How can these numbers be used to categorize the Alzheimer’s disease subjects as capable or incapable? This question served as the rationale for the expert judgment validation portion of the study. All three clinicians agreed on the capacity status of 12 of the 16 subjects. (Two cases were not used in this concordance calculation because two of the three clinicians each had technical difficulties with one tape and thus gave judgments on 17 cases each. However, each of the two cases missing one clinician judgment still showed agreement between the other two clinicians’ judgments; therefore, they were included in the receiver operator characteristic analysis.) The pairwise kappa scores were 0.49 between clinicians 1 and 2 (p=0.05), 0.76 between clinicians 1 and 3 (p=0.002), and 0.76 between clinicians 2 and 3 (p=0.002). The clinicians found that 10 of the 18 Alzheimer’s disease subjects reviewed were capable of giving consent to participate in the hypothetical clinical trial.
The receiver operator characteristic analysis for the understanding, appreciation, and reasoning abilities from the MacArthur Competence Assessment Tool—Clinical Research Version were performed, with the categorizations of capacity status based on expert clinician judgment used as the gold standard (t2, receiver operator characteristic curves not shown). The areas under the curve for understanding, appreciation, and reasoning as tests of capacity status were 0.90 (95% confidence interval [CI]=0.73–1.07), 0.86 (95% CI=0.66–1.05), and 0.88 (95% CI=0.70–1.06), respectively. The optimal cutoff point for each ability measure was defined as the point on the receiver operator characteristic curve closest to the coordinates at which sensitivity=1.0 and specificity=1.0. The cutoff points for understanding, appreciation, and reasoning were 18 (sensitivity=90%, specificity=88%), 5 (sensitivity=80%, specificity=100%), and 6 (sensitivity=100%, specificity=75%), respectively.
t3 shows the application of these cutoff points to the entire Alzheimer’s disease group of 37 subjects along with the results of categorizing capacity status on the basis of normative values. When cutoff scores based on expert judgment were used, 62% (N=23 of 37) were rated as incapable on at least one of the abilities measured by the competence assessment tool. When cutoff scores based on normative values (two standard deviations below the comparison group mean) were used, 84% (N=31 of 37) were found incapable on at least one measure (McNemar Test, p=0.008, two-sided exact test). All 15 comparison subjects would have met the cutoffs of the expert judgment method and thus would have been found capable.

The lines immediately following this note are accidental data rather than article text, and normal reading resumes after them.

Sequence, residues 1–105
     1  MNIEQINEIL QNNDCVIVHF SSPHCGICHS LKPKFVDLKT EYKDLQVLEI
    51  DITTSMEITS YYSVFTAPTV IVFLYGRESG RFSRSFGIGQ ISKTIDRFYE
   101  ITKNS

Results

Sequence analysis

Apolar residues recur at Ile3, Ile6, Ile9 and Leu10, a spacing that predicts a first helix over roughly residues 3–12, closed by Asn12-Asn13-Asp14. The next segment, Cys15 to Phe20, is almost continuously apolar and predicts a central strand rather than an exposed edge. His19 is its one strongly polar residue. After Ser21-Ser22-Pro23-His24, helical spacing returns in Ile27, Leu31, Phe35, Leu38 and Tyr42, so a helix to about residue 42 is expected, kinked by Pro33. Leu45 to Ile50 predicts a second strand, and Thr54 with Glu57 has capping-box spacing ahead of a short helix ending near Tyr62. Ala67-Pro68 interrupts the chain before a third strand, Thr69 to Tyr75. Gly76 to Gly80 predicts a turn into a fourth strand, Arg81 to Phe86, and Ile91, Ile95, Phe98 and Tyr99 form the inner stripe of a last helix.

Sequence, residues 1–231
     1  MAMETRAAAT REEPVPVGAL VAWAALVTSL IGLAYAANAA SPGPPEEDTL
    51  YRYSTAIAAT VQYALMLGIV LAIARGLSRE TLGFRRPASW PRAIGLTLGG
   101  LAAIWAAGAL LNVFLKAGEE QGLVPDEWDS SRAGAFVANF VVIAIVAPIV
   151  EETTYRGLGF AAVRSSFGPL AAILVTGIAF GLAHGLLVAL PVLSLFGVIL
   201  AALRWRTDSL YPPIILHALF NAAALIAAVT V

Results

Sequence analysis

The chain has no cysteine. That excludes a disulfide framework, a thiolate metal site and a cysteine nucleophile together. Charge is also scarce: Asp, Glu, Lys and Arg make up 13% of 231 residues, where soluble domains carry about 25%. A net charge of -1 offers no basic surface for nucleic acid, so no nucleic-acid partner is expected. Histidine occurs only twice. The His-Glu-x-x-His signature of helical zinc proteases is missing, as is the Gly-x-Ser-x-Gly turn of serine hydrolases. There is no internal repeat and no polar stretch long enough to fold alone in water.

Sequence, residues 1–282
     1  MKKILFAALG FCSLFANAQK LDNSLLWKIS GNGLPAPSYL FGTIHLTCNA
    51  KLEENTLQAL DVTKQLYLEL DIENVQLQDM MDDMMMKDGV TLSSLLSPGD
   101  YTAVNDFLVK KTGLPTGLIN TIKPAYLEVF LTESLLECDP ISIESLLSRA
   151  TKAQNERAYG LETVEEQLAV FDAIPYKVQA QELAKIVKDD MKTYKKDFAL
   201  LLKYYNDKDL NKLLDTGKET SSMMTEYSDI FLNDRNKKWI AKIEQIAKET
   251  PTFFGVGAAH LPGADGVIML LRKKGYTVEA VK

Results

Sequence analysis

The main goal of this study was to address a key issue in competency research, namely how to translate data on decisional impairment into categorical judgments about competence, by comparing two methods. This is a relatively new area of research, and the results should be seen as preliminary with some limitations. Our study group was small, as reflected in the discreteness of the receiver operator characteristic curves. The use of a hypothetical scenario is an accepted methodology in competency research (9, 10), but it is not as realistic as an actual consent process. The gold standard used in this study was based on the judgment of three clinicians. While this represents an improvement over similar reports that employed even fewer clinician judgments (13–15), the low number of experts has obvious limitations. Also, while the 75% concordance rate among the clinicians allowed their judgments to be used as a criterion standard, the 25% discordance raises questions about the sources and implications of this disagreement. Last, our expert judges noted the limitations of basing their judgments on one event (interview with the MacArthur Competence Assessment Tool—Clinical Research Version), given only in audio format; thus, their judgments were made under somewhat artificial constraints.